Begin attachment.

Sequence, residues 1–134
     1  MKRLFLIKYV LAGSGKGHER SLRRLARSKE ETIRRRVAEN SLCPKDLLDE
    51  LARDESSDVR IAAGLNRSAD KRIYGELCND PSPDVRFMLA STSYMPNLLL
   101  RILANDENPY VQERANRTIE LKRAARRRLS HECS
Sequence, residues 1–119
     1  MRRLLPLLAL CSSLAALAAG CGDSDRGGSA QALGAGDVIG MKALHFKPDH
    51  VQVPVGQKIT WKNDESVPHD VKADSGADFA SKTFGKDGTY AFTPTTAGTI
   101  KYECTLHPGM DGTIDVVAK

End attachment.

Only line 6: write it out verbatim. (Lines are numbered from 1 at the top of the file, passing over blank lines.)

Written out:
     1  MRRLLPLLAL CSSLAALAAG CGDSDRGGSA QALGAGDVIG MKALHFKPDH